Congenital Heart Disease in Cats- VSD

Ventricular Septal Defect (VSD) in the Cat

Ventricular septal defect (VSD) is a birth defect of the heart. This defect is a hole between the left ventricle and right ventricle. Blood that is supposed to be flowing into the aorta gets pushed through the defect (called left-to-right shunting) because there is less resistance in the low pressure right ventricle. The right ventricle has to pump more blood and dilates in response (called eccentric hypertrophy).

Over time, the right ventricle gets so large and strong that the pressure gradient changes between the left and right sides of the heart. What was once the path of least resistance into the right ventricle through the defect is now reversed (right-to-left shunting). This leads to un-oxygenated blood flowing to the body via the left ventricle. Due to poor oxygen supply to the tissues, the kidneys respond by signaling the bone marrow to produce more red blood cells (called polycythemia). This excess of red blood cells makes the blood more viscous, thereby making the heart work even harder, eventually leading to congestive heart failure. Click here to better understand how a normal cat heart works.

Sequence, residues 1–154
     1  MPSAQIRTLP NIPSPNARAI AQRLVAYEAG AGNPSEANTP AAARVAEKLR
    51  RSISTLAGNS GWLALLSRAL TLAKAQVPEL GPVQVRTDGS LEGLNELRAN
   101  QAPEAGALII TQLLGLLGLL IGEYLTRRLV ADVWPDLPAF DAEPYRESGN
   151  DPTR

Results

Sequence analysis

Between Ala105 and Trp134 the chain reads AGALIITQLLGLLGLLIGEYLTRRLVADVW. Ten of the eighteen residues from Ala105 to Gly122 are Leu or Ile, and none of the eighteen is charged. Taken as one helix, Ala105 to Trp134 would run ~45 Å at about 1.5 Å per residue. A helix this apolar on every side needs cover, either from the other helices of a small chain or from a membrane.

Congenital heart defects make up ¼ of all heart disease. Of congenital defects, VSD is the 3rd most common in dogs at between 12-14% pending which study is read. Non-published data from UC Davis suggests that VSD in cats is seen with only 1/3 of the frequency in dogs.

Tidholm A. Retrospective study of congenital heart defects in 151 dogs. J Small Anim Pract. 1997 Mar;38(3):94-8.

Baumgartner C, Glaus TM. Congenital cardiac diseases in dogs: a retrospective analysis. Schweiz Arch Tierheilkd. 2003 Nov;145(11):527-33, 535-6.

Related Posts Plugin for WordPress, Blogger...
avatar

Dr Roger Johnson and Dr Kyle Marano

Roger K. Johnson, DVM, Diplomate ACVIM (internal medicine) is a board-certified veterinary internal medicine specialist. His professional interests include cardiology as well as using advanced diagnostics to help his patients. His particular favorites include echocardiography, abdominal ultrasonography, and endoscopy. Kyle Marano, DVM is a small animal veterinarian practicing out of Northern Colorado. He has written pieces ranging from sports commentary and analysis to quips on the every day life of veterinary medicine. His furry family includes a chocolate lab mix and an overly nosy cat.

More Posts